So yes, the rain. It will let up one of these days and we’ll have more like this:

Meanwhile, the buffalo doesn’t give a darn about the weather and runs around charging into hay bales. Something to learn from him I suppose.

Time Traveling

You are looking at my childhood right there.

One of the few memories so strong that even a hint of Wintergreen Skoal tobacco transports me back to a kitchen, where Grandpa’s round cans sat at the counter-end next to a bowl of colorful M&M’s, intentionally set out for our every giggly stay-over.

Jo-Jo in the kitchen, whipping up breakfast and Pap coming up to give her a kiss good morning, saying “My Jo-Jo” and we’d grin and greedily reply, “No, our Jo-Jo!”

Country Man and I visited the two at their Arizona home recently, and the moment my feet entered the doorway I was hit with such nostalgia that I almost cried. I was seven again, I was loved, life was so very uncomplicated. I am in tears thinking about it.

The thing that baffled me was how the smell was exactly the same. The combination of  soap, Wintergreen Skoal, and unique skin that combines into this most beautiful scent that if I could bottle it up, I would pay high dollar just for the opportunity to lift the lid and enjoy the time travel for the rest of my days.

My grandparents seemed the same to me, looked the same, too. They eagerly hugged us, lodged us, and fed us. Paps even played tour guide, a little more slowly than 22 years ago but with the same enthusiasm.

It might sound strange, but I missed them even while with them. I missed their youth, somehow jealous that I will never know their pre-grandparent selves. I miss my grandma’s beautiful laugh, my grandpa’s love for the flea market and how he called us “his girls”.

I  miss them because I have the crisp memories, and because some day, that’s all I will ever have.

Those Colorado Mountains

It’s Sunday morning, and Country Man is still sleeping off his recent trip to Colorado where the guys scoured the mountains for elk only to be deterred by the stubborn rain.

But with a view like this, was it really all loss?

His going away makes me think back on the first year, months, we were married, and how his upcoming week-long hunting trip made me sad to think about, wondering how I could survive six WHOLE days and nights without him next to me?

He would go over how to use a gun, remind me to lock the doors, and in the morning be gone before I had time to splash some cold water on my face. I remember that being a long week.

Now, six years later, there remains a quiet anxiety with knowing he’ll be leaving, mostly fear for his safety and wondering if he’ll be taken care of properly. However, those worries lay aside as my hopes for an experience only attained by time away in the mountains with no electronics or shower surface to the top.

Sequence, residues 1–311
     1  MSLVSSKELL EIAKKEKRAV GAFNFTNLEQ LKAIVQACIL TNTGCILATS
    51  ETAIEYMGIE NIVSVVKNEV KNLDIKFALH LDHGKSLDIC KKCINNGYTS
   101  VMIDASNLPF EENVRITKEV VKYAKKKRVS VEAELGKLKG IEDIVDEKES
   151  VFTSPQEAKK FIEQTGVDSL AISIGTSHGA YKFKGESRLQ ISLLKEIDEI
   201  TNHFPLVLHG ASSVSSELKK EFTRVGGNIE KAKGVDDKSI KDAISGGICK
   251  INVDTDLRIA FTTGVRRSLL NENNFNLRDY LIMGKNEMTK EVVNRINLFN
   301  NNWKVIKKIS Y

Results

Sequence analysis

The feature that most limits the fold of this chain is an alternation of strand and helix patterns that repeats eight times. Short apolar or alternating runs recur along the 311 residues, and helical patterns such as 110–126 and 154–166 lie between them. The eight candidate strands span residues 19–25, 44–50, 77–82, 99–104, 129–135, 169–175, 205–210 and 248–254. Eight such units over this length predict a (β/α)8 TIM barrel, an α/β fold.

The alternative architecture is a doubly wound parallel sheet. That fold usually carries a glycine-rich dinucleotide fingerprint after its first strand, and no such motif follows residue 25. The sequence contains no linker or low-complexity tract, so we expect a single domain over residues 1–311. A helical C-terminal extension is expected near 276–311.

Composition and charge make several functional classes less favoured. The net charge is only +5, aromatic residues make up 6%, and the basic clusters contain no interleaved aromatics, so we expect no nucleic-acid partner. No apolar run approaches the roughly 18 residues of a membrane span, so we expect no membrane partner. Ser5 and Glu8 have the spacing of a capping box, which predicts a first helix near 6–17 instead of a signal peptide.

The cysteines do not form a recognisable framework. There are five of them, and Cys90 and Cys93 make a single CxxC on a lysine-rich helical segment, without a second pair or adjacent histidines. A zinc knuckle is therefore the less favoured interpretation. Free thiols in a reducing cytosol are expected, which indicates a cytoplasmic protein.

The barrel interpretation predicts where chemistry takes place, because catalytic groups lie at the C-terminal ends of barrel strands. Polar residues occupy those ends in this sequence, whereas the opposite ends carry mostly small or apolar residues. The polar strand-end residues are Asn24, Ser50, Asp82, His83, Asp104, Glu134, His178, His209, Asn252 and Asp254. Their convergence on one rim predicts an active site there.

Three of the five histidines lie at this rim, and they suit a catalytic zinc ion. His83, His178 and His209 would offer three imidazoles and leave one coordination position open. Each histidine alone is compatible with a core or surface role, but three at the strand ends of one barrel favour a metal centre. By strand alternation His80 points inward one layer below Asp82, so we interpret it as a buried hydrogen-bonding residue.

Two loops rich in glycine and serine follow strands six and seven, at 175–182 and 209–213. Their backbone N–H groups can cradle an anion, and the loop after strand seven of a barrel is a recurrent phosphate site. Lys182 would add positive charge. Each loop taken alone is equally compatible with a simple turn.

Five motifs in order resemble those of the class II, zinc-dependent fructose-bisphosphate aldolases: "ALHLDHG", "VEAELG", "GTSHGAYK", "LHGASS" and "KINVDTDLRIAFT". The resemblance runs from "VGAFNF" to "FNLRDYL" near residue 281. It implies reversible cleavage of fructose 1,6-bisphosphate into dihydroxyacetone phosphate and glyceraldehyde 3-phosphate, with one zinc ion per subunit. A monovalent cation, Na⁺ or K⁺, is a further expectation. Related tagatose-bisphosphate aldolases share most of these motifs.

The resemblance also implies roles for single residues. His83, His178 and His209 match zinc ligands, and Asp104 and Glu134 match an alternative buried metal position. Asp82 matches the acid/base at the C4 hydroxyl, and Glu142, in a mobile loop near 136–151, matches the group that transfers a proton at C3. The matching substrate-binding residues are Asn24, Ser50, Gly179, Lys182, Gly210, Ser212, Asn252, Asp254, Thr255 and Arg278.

I quickly find my own rhythm and create my own schedule, keeping busy like the independent mind that I am and thinking this isn’t so bad, I could do this forever maybe.

A week goes by and he tells me he will be in town at the newly opened coffee shop where I started working part-time, and I am so busy I forget.

It isn’t until I am wiping the counters up of espresso and spinach leaves after a hectic noon lunch that I see a tall man in a dark olive green shirt rush in, my heart recognizing him before my eyes and there was nothing stopping the grin and squeal spilling from my usually controlled expressions.

I think those Colorado Mountains brought him home more handsome than he left me…

and reminded me that while love changes with the years, it has a surprising strength and way of reminding you of what it’s all about in the end.

happy future campers we are

We (ok, me) have been wanting a pop-up camper for a long time, so when a friend was selling his at a reasonable price, we couldn’t pass it up.

I’ve already imagined all the places we will explore, and Country Man sees a fall season of more comfortable hunting trips.

pop-up camper

Oh yeah…

There are many tucked away spots to camp in South Dakota, as well as big name camping sites like the Badlands. Country Man has never been through it, so it’s high on our list for the next stay-cation.

As a kid, my neighbor took my sister and I and his daughters to the Badlands to camp, but I didn’t see it the way he did. The work, time and money invested into the travel, along with the beauty of the scenery and the break from everyday life. I’d like to go back there and see it with adult eyes.

Pop-up camper

Country Man set it up last night, and today I will fill it with sheets and blankets and kitchen tools.

The iced coffee is made, the animals are fed (including the buffalo calf, but that’s another post), the lawn is mowed, and the day is young.

Better get started. I just wanted to show off our new camper.

Jack the German Shorthair

See you soon!

South Dakota, another fly-over state (with pics of California).

“So you’re from South Dakota?”

“Yep, born and raised.”